PRAGUE (AFP) - Sir Nicholas Winton, who saved hundreds of Jewish children in Prague from the Nazis in the run-up to World War II, was given the Czech Republic's top honour on Tuesday.
The 105-year-old Briton of German-Jewish origin said he was "delighted" to be honoured with the Order of the White Lion.
Throughout the ceremony at Prague Castle, Winton sat in a wheelchair opposite seven of the children he had rescued.
"I am ashamed that this is being awarded so late but a Czech proverb says 'Better late than never,'" said President Milos Zeman.
Winton travelled to Nazi-occupied Czechoslovakia - which split into the Czech Republic and Slovakia in 1993 - as a young employee of the London Stock Exchange.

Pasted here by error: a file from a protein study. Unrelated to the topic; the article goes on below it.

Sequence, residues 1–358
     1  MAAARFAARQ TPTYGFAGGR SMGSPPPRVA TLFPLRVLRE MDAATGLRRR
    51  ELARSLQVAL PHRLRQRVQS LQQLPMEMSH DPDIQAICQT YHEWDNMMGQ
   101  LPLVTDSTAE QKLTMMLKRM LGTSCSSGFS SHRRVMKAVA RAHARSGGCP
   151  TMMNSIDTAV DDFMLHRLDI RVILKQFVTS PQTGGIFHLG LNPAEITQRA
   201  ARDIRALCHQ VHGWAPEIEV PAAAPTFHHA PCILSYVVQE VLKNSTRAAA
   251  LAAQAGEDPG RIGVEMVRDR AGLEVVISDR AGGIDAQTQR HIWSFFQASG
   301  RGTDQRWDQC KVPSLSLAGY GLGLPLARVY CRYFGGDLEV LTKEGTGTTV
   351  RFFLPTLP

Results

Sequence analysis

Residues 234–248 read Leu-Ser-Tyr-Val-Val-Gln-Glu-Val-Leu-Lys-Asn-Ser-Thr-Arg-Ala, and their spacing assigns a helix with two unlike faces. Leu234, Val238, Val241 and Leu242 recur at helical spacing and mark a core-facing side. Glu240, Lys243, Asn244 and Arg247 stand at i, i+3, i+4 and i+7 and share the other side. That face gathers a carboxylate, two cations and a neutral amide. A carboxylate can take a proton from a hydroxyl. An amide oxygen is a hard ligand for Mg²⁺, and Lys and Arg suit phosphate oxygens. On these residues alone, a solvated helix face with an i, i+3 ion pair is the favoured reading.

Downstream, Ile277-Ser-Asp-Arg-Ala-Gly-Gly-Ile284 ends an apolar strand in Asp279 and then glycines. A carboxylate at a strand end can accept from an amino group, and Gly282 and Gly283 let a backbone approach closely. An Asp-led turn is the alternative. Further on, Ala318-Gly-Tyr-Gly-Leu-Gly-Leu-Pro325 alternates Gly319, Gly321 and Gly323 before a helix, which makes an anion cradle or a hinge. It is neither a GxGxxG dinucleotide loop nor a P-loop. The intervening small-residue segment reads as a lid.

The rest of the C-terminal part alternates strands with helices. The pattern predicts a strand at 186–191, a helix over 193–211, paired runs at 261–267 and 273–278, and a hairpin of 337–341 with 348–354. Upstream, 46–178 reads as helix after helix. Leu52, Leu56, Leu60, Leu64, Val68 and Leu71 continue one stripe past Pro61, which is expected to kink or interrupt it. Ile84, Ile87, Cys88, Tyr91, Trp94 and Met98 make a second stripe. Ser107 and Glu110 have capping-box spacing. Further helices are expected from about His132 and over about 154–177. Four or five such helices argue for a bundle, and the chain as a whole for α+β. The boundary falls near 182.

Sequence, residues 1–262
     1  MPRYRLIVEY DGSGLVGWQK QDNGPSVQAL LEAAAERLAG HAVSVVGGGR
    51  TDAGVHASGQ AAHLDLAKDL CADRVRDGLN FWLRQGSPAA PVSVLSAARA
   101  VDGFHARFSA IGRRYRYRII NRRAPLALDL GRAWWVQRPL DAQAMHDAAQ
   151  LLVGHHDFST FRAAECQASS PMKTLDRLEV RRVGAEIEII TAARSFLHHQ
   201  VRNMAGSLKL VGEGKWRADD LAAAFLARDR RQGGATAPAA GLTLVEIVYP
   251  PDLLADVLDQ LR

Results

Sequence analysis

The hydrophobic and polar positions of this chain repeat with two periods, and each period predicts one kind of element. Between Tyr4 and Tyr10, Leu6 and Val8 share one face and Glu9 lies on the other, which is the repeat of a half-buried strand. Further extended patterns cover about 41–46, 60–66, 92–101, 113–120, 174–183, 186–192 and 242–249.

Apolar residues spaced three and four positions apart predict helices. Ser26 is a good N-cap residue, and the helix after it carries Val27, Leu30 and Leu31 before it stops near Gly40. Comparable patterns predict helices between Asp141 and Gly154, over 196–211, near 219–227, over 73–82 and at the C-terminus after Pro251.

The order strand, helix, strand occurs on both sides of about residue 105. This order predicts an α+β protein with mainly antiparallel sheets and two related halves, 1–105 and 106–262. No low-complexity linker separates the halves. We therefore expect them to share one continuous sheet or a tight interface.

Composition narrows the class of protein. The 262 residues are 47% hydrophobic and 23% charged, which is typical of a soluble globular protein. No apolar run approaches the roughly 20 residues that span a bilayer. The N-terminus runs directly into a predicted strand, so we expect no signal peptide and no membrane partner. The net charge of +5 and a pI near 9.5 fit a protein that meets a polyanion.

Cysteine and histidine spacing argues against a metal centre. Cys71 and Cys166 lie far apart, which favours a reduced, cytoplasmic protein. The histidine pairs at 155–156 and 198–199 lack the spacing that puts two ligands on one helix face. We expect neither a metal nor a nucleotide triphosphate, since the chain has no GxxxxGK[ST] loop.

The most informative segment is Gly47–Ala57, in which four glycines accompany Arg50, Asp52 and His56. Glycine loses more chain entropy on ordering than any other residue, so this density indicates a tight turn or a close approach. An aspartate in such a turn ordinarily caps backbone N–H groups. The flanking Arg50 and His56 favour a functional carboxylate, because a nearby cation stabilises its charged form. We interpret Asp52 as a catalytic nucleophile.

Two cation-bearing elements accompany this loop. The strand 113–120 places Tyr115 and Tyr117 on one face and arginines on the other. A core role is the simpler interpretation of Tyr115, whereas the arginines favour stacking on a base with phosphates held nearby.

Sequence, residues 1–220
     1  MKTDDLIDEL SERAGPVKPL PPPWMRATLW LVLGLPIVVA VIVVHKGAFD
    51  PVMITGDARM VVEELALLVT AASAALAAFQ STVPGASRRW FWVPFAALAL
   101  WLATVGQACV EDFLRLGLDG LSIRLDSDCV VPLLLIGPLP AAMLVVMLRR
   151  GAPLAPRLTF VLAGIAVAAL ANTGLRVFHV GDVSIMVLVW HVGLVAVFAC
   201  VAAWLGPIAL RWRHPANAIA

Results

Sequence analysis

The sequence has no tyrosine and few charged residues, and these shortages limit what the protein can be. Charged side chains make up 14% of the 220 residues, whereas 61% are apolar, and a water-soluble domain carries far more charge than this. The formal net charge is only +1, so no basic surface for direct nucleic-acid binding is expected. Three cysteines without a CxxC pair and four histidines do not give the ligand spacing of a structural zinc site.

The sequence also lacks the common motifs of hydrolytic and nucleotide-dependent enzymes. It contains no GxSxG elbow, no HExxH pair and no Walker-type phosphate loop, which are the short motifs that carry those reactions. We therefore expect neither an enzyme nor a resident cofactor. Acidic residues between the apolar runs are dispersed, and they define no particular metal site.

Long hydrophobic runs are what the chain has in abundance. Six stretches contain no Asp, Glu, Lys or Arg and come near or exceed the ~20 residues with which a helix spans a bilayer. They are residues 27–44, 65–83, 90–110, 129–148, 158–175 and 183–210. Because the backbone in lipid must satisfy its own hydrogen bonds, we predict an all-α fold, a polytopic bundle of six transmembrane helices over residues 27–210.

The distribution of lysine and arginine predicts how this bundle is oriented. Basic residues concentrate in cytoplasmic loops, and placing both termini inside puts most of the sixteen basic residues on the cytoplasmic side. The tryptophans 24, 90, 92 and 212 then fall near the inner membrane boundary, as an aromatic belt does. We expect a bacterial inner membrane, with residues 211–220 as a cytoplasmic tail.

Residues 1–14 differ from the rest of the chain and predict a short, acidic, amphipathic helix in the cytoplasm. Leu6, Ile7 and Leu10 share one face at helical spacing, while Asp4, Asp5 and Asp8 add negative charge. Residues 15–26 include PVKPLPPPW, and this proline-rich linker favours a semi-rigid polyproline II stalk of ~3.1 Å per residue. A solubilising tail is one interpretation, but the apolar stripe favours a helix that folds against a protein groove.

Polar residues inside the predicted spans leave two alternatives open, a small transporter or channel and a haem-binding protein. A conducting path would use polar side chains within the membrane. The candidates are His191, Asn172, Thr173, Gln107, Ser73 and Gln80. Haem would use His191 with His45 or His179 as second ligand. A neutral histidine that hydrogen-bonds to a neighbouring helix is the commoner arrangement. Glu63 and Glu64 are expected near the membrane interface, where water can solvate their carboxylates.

There he organised trains that transported some 669 children, most of them Jews, to Britain in 1939, saving them from concentration camps and near-certain death.
An additional train was set to leave on Sept 3, 1939, the day Britain declared war on Germany, but the borders were already sealed. None of the 250 children were seen again.
Winton's efforts earned him the nickname "English Schindler" in reference to Oskar Schindler, the German industrialist who rescued hundreds of Polish Jews during the war.
He kept quiet about his mission for 50 years until his wife found evidence of it in their attic.
He was knighted in 2003. His Czech supporters have repeatedly petitioned for him to receive the Nobel Peace Prize.
At Tuesday's ceremony, Zeman also posthumously bestowed the Order of the White Lion on wartime British Prime Minister Winston Churchill.